COVID-19 Testing

I recently have received calls about testing for COVID-19. Here is a article from the American Academy of Pediatrics that might help clear some things up. 

What type of coronavirus test should my child get?
Trisha Korioth, Staff Writer
June 23, 2020
Editor’s note: For the latest news about the COVID-19 pandemic, visit

Families across the U.S. are talking about whether their children should be tested for COVID-19.

The American Academy of Pediatrics (AAP) encourages parents to talk to their child’s pediatrician about testing.

There are two types of COVID-19 tests: diagnostic tests and antibody tests. It is important to know what each test can and cannot do.

diagnostic test can show if your child has COVID-19 infection now.

One kind of diagnostic test is a molecular test. It uses a nasal or throat swab or sometimes saliva. You might get results the same day or up to a week later. The molecular test is very accurate and tells you if your child has SARS-CoV-2, the virus that causes COVID-19. It will not tell if your child had COVID-19 in the past. It also will not tell you that your child will not become infected in the future.

Another kind of diagnostic test is an antigen test. It uses a nasal or throat swab. Results take an hour or less. Positive test results are very accurate. But if the test result is negative, a molecular test might be needed so you know for sure that your child does not have the virus that causes COVID-19.

An antibody test looks for antibodies in your child’s blood. The body makes antibodies to fight off viruses like SARS-CoV-2. An antibody test uses a sample of blood. It shows if your child was infected by coronavirus in the past. It cannot detect current COVID-19 infection. This is because it can take up to three weeks after your child first shows symptoms of being sick before the test can find antibodies in the blood sample. Many test locations can give you results the same day or within one to three days. Sometimes, a second antibody test is needed.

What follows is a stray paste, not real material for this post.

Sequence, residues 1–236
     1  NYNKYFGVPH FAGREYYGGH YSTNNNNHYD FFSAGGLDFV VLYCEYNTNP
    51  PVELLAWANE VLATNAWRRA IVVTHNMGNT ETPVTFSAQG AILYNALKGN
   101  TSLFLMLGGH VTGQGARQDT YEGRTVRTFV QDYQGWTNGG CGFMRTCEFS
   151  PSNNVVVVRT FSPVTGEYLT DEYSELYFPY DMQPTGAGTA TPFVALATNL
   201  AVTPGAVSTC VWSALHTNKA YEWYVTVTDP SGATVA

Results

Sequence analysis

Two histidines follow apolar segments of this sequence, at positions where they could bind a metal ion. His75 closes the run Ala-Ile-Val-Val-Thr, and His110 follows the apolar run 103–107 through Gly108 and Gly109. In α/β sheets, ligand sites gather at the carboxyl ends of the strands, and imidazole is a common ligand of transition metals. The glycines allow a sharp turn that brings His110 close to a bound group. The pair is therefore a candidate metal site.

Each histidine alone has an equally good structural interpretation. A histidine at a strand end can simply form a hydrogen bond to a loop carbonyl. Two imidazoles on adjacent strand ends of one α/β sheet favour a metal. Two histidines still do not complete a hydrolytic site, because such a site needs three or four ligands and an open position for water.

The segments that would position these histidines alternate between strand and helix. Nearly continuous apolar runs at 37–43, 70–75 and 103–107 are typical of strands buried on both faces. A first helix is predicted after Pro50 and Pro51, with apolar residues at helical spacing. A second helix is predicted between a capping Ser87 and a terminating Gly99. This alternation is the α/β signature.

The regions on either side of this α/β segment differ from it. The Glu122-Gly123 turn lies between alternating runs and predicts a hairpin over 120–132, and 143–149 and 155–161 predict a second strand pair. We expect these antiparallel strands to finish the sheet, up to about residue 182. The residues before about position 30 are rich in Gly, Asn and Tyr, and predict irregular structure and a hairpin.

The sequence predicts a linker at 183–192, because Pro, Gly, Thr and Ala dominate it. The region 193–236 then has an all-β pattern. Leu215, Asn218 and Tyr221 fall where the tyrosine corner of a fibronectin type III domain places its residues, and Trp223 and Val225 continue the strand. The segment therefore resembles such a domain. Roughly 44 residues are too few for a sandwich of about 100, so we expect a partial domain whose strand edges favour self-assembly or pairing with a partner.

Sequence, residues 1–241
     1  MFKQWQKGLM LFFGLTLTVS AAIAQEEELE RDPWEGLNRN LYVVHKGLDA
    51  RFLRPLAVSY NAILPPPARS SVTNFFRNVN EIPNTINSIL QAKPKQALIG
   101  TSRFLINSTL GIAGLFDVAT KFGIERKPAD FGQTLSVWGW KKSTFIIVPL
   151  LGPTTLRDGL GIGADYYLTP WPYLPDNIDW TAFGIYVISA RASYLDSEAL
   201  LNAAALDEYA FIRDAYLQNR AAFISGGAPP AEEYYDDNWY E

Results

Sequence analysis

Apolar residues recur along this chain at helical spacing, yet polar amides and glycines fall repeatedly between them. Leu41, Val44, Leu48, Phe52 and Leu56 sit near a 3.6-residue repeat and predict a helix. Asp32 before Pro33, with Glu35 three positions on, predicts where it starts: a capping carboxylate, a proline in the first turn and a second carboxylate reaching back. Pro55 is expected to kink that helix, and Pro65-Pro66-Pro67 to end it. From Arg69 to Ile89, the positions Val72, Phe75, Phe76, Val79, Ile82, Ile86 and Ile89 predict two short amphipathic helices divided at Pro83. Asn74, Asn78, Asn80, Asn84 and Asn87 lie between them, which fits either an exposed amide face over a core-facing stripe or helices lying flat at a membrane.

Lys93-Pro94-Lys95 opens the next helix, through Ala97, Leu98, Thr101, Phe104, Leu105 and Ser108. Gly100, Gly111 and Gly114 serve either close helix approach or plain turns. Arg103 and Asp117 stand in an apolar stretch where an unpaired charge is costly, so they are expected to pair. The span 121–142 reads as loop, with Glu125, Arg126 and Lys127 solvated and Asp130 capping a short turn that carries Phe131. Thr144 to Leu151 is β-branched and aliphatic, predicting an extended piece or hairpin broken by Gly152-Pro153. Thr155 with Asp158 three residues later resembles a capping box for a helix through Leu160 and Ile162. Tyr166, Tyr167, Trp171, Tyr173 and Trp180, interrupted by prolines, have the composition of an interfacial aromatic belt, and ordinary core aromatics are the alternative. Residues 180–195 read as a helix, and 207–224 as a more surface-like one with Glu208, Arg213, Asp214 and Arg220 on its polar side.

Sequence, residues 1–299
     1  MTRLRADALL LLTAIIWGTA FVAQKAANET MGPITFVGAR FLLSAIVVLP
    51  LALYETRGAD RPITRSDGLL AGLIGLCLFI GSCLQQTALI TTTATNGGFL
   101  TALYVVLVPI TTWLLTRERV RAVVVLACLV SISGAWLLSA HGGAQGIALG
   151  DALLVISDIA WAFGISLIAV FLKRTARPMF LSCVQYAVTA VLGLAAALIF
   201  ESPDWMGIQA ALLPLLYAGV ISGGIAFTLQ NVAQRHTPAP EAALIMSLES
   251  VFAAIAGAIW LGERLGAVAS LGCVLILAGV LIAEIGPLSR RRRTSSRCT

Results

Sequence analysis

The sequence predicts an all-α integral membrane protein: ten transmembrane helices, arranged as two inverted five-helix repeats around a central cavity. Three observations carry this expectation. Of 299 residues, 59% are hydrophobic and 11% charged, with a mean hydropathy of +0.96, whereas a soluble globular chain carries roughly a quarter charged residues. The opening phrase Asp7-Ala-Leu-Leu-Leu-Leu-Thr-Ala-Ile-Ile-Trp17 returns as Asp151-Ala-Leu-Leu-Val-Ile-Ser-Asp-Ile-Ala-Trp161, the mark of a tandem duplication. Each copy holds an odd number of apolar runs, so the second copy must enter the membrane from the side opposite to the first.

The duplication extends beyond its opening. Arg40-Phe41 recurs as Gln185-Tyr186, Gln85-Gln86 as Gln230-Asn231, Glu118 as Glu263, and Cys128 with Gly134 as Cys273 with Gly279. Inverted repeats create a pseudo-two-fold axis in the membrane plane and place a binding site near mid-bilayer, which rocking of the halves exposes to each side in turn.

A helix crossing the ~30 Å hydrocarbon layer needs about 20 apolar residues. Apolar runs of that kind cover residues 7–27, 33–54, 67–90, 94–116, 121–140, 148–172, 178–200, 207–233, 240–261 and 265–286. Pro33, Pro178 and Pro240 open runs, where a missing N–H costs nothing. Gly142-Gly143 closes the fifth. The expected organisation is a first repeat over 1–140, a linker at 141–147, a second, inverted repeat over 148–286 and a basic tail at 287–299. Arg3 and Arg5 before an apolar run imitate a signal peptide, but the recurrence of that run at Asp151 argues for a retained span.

The AAP does not recommend testing every child. It is important to talk with your pediatrician about whether testing is necessary and if so, what option is best. Testing might be recommended for a child who currently has symptoms of COVID-19 or who was in close contact with someone with COVID-19. After testing, it is important to follow up with your pediatrician. She or he can explain positive or negative test results and answer questions. It is not known if people who had COVID-19 can catch it again.

If you have any concerns about your child’s health, call us. We are open and available for any concerns or questions. 

Continued Good News

Listening to Governor Cuomo, NY state continues to have a good handle on COVID-19 for now.  The rate of postive tests in the Finger Lakes Region continues to drift downward. The number of positive tests has dropped from 2.6% to 2.5% over the past month. A seemingly small drop, but certainly not an increase as we begin to resume more “normal” activities.  Overall, the number of deaths in the US has exceeded those as a result of WW I.  Nationwide, the number of new cases and deaths continues to rise, especially in states that reopened without any specific plan.